A year after The Boys in the Band (1970) broke ground with its serious exploration of gay culture, representing a change from previous films in which homosexual characters were coded and/or marginalized, the low-budget ensemble piece Some of My Best Friends Are . . . explored similar terrain—with similar difficulty. Whereas The Boys in the Band was adapted from a well-regarded play and filmed by a promising new director (William Friedkin), Some of My Best Friends Are . . . was a screen original from first-time writer-director Mervyn Nelson, who only made one subsequent picture. His inexperience shows in every frame. The disparity in their technical polish aside, the films have interesting parallels. Some members of the LGBTQ community deride The Boys in the Band for over-the-top characterizations and a generalized theme of self-loathing, as if being gay is a curse. Some of My Best Friends Are . . . now plays gay film festivals somewhat regularly as a camp classic. Which is to say that if the folks behind either picture aspired to get early ’70s gay culture “right,” they were not fully successful—one project struck viewers as too heavy, and the other struck viewers as too silly. Seen today, The Boys in the Band is frustrating but intense and sharp, whereas Some of My Best Friends Are . . . is a bit of a mess.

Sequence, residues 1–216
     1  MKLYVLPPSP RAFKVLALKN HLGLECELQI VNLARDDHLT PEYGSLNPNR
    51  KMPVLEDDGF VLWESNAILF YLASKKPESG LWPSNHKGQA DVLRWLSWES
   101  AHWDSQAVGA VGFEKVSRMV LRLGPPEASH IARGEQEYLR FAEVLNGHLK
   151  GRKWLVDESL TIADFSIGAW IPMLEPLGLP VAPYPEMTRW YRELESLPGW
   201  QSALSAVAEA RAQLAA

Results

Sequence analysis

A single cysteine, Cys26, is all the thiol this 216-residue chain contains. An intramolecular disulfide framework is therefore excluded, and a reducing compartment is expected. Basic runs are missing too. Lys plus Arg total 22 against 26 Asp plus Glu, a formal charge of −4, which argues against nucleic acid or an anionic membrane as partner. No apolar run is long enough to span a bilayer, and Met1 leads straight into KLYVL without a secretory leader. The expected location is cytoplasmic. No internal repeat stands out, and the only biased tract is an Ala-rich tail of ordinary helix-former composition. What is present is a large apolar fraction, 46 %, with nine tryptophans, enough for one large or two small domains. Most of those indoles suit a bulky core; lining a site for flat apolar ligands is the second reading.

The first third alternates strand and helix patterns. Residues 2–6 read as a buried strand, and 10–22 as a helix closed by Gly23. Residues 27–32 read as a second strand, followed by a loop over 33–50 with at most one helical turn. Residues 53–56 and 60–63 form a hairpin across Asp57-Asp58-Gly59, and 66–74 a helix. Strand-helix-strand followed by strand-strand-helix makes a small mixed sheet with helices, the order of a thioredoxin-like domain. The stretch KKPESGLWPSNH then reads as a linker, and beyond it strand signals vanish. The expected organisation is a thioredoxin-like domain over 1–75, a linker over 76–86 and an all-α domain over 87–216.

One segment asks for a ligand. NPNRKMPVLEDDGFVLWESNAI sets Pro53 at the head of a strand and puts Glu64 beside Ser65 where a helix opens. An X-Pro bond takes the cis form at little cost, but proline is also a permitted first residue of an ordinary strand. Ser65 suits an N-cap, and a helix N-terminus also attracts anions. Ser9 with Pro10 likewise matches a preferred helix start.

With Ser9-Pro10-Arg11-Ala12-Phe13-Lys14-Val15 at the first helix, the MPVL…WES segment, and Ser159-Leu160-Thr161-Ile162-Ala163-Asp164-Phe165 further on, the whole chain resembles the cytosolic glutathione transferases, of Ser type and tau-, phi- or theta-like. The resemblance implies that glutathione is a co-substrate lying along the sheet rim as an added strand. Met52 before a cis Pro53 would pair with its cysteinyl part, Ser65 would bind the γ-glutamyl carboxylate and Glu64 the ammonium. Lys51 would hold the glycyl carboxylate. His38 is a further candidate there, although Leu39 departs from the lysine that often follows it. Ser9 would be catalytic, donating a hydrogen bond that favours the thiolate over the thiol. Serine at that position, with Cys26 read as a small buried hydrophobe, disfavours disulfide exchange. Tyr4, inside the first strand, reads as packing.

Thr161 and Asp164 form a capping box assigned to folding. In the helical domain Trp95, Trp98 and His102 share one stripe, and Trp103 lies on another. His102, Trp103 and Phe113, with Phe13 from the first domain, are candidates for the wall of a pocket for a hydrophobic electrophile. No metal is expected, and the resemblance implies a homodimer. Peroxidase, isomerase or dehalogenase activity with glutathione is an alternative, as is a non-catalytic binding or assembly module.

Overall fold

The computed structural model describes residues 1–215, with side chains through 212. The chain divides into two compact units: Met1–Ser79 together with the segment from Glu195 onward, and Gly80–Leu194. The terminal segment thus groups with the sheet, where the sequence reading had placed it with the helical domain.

Set on New Year’s Eve in the Blue Jay Bar, a gay nightclub in Manhattan, the film tracks several gay men and their straight friends. In one poignant storyline, a nervous waiter named Phil (Nick De Noia) awaits the arrival of his blind date, Tim (Dick O’Neill), who believes Phil is a woman, since they’ve only met by phone. That storyline conveys something touching about the risks gay men in the early ’70s took when reaching outside their social circles for potential romantic partners, but De Noia’s cartoony performance diminishes the pathos. Far less interesting are scenes involving European ski instructor Michel (Uva Harden), who delivers this florid line in dubious English: “Facing death does not take courage—but two men making a life together does!” Again, right idea, wrong tone. And so it goes throughout the movie, which, incidentally, features three future TV stars. Gil Gerard, later to become Buck Rockers, plays a gay man who presents straight; Rue McLanahan, pre-Golden Girls, incarnates a clichéd “fag hag”; and Gary Sandy, a few years away from WKRP in Cincinatti, plays a hustler who experiences a major drug freakout. The other notable in the cast is Warhol-associated drag queen Candy Darling, who, no surprise, portrays a drag queen.
Some of My Best Friends Are . . . : FUNKY